The Palma Proposition is that changes in income or consumption inequality are (almost) exclusively due to changes in the share of the richest 10 per cent and poorest 40 per cent because the ‘middle’ group between the richest and poorest tend to capture approximately 50 per cent of gross national income (GNI). The Palma Ratio is a measure of income or consumption concentration based on the above-mentioned proposition and calculated as the GNI capture of the richest 10 per cent divided by that of the poorest 40 per cent. In this paper we revisit the empirical basis of the Palma Proposition (the relative stability of the ‘middle’) with a new and expanded data set across and within developing and developed countries. We find the data reaffirms the Palma Proposition and that the proposition is getting stronger over time.
The Palma Ratio is a new policy relevant measure of consumption or income inequality that can complement other measures of inequality used by policy makers.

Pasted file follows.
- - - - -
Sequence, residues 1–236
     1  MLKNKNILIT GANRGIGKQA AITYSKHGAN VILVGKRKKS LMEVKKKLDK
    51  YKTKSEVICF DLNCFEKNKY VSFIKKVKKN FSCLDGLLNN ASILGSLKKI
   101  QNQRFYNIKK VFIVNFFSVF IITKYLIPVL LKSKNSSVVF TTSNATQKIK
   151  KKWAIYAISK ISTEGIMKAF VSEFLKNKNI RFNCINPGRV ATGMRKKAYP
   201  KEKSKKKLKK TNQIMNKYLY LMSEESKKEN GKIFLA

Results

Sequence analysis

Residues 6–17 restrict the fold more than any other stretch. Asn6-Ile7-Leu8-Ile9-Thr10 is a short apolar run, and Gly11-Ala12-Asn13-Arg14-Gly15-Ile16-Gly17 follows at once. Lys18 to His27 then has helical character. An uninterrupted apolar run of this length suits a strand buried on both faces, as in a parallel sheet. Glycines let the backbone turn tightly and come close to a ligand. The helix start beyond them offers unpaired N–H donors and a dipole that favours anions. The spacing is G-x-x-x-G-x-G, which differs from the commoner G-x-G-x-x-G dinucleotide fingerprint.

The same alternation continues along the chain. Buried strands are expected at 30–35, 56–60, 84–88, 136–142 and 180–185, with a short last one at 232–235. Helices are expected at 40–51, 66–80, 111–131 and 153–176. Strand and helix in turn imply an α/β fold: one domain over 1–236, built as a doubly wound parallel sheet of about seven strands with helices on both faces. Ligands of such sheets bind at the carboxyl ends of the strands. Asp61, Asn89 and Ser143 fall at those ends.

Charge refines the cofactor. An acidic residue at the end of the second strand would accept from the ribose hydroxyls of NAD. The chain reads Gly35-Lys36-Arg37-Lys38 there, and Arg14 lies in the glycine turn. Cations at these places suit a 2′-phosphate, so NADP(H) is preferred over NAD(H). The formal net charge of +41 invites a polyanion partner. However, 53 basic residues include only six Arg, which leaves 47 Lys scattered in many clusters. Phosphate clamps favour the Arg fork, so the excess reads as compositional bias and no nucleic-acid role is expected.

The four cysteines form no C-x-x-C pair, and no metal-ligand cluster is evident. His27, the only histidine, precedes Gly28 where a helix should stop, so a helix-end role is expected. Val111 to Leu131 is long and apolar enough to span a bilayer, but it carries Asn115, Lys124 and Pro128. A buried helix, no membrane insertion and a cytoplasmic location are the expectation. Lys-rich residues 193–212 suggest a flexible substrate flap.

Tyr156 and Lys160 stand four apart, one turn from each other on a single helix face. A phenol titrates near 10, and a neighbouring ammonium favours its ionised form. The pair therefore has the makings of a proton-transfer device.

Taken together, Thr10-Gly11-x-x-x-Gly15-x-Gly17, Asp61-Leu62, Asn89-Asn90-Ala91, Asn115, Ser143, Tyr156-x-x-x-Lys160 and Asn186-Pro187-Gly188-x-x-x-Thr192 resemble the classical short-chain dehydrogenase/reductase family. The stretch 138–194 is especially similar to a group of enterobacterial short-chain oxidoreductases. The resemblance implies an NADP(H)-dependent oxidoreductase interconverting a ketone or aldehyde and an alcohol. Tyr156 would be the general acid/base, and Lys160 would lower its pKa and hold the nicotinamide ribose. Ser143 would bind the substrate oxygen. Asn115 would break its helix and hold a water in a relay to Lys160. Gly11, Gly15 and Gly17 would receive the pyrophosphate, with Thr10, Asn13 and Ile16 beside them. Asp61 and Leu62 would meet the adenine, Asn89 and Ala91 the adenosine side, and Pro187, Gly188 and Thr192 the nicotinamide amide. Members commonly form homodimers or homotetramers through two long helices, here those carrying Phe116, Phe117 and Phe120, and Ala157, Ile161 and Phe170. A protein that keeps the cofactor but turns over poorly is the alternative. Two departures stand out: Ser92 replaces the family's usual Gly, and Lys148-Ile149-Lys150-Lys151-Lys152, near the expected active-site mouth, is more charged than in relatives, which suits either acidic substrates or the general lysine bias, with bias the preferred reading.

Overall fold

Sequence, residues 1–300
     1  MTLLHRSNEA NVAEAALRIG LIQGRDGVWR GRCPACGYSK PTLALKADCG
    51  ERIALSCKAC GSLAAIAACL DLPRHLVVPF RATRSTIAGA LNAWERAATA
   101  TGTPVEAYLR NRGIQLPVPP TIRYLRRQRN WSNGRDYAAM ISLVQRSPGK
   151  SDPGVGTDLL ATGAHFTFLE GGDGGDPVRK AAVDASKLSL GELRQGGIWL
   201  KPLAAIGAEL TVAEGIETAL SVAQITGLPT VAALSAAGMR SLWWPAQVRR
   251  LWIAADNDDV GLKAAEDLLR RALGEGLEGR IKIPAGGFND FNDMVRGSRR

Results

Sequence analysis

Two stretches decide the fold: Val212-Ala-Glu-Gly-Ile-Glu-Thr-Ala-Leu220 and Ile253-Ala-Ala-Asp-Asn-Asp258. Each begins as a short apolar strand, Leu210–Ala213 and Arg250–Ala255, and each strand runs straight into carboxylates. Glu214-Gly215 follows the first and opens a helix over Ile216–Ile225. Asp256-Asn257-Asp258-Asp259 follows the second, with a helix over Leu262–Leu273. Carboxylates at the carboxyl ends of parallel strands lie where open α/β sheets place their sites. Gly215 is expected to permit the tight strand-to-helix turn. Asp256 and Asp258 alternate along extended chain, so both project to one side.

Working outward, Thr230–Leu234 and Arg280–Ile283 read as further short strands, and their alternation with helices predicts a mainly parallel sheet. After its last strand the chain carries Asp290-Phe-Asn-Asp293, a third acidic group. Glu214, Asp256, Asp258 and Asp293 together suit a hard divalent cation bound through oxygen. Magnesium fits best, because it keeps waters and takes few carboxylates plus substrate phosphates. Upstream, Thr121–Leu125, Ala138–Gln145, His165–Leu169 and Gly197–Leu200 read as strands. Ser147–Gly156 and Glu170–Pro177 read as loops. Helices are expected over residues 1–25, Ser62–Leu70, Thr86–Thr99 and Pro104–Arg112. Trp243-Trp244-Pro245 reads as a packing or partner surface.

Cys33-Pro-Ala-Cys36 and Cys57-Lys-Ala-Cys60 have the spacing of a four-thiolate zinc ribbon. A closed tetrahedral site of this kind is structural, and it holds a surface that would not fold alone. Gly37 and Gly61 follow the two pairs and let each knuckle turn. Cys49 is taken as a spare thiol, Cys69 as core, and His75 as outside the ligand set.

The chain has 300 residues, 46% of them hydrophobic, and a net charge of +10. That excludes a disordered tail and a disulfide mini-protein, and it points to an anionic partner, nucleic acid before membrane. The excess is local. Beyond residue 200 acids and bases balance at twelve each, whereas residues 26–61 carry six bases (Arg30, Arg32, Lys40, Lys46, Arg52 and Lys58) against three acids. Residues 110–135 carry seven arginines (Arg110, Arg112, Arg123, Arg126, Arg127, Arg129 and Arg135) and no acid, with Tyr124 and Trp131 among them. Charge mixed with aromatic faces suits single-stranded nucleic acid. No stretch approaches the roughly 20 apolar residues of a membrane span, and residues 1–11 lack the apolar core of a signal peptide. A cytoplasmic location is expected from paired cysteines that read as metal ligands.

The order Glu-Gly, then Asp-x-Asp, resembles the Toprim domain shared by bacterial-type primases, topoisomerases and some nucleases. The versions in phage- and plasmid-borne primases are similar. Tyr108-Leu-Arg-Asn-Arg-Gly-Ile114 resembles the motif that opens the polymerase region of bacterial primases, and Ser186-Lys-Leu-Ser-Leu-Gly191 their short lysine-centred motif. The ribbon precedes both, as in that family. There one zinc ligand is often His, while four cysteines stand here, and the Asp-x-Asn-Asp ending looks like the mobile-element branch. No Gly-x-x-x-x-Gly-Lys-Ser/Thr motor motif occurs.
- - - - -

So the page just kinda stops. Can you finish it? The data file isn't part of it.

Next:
Policy-relevant measurement issues need more attention such as the gathering of tax data on top incomes and efforts to estimate and analyse illicit financial flows.
Policy makers instead need to track what is happening at the top and the bottom of the distribution – the richest 10 per cent and poorest 40 per cent.
The traditional measure for tracking inequality, the Gini, may be misleading policy makers as it is relatively insensitive at the extremes and over sensitive to changes in the middle.